I wouldn't say this business is "essentially breakeven". They've been narrowing the loss, for sure, but they can't go on losing $4 mil every half year without raising more equity.

    What is interesting is that their gross margin has been steadily improving over the past 5 years. Where exactly breakeven is is hard to determine. If they double sales from here, will that be enough to get them in the black? And if they are only breakeven, will there be enough operating cash flow to fund their growth strategy? they will have to raise equity again ... will they be able to complete another secondary offering whilst being sued for the previous one?

    If you are valuing this company I would suggest increasing the # of shares outstanding given the likelihood of an additional equity raise. VERY intriguing opportunity but the economics of the business strike me as a bit questionable.
    Aug 24, 2011. 03:13 PM | 1 Like Like |Link to Comment
  • ATP Oil and Gas Earnings a Mixed Bag, But Not the Cause of Volatile Price Changes [View article]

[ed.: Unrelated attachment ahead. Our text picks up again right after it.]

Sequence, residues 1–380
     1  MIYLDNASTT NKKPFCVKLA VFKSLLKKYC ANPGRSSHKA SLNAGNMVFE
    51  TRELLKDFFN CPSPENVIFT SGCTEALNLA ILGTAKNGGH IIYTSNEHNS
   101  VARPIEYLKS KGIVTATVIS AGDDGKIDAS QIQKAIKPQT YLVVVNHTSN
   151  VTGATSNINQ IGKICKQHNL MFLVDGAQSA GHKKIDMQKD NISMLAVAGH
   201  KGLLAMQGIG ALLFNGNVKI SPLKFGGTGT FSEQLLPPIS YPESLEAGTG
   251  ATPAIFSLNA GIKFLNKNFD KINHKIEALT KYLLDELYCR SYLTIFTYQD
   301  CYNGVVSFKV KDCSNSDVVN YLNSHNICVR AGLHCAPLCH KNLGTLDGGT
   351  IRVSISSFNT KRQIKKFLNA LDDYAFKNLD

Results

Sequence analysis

that has been my strategy thus far ... but im not convinced oil prices are due for a quick rebound this time around
    Aug 18, 2011. 03:18 PM | Likes Like |Link to Comment
  • Chart of the Day: The Great Earnings-Yield Divergence [View article]
    in order:

    2) growth prospects in the near-term are dampened, but given the long-time horizon of stocks, growth prospects in general have not changed much at all

    3) this is an excellent point

    5) there a number of shareholders in very large, non-dvidend paying companies that would disagree; besides, dividend yields are also very high in comparison to previous years
    Aug 15, 2011. 02:06 PM | Likes Like |Link to Comment
  • Chart of the Day: The Great Earnings-Yield Divergence [View article]
    actually ... the cost of carry for the investment in gold will increase along with interest rates ... so gold falls in A and B
    Aug 15, 2011. 02:00 PM | Likes Like |Link to Comment
  • Pricing a Collapse That Isn't There [View article]
    you are correct that markets are "supposed" to be look ahead 6 months. but as you can see from the jobs chart, stock markets and payroll loses fell in lock-step, meaning the stock market wasn't particularly forward looking at all.

    the market is not a perfect prognosticator. if fact, MOST of the time the market is wrong on what its actual price should be.
    Aug 10, 2011. 01:43 PM | 1 Like Like |Link to Comment
  • Overvalued Netflix: Too Many Great Expectations [View article]